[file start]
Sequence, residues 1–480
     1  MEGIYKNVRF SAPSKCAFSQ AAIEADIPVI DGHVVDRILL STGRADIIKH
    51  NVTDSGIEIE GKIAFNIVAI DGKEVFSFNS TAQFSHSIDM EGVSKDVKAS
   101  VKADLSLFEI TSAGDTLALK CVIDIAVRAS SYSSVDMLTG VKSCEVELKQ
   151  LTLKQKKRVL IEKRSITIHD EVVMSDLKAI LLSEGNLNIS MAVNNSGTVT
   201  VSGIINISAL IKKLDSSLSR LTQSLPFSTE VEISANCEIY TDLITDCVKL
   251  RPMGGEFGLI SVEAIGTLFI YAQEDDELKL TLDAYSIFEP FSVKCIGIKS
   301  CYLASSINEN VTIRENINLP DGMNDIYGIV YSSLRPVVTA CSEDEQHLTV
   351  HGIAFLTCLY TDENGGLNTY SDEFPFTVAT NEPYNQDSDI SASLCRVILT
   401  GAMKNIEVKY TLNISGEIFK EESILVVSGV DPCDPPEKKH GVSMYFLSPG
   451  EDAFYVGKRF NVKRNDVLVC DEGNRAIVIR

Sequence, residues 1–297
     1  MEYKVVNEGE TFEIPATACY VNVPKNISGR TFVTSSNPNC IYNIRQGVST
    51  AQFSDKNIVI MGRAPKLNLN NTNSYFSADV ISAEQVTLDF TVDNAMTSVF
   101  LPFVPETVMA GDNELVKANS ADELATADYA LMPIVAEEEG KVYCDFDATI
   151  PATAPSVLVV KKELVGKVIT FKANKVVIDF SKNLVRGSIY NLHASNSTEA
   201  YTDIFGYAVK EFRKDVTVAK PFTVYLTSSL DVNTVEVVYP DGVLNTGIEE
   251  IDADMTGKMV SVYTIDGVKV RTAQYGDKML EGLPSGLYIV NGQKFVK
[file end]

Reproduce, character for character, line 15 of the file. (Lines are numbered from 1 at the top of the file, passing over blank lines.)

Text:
   101  LPFVPETVMA GDNELVKANS ADELATADYA LMPIVAEEEG KVYCDFDATI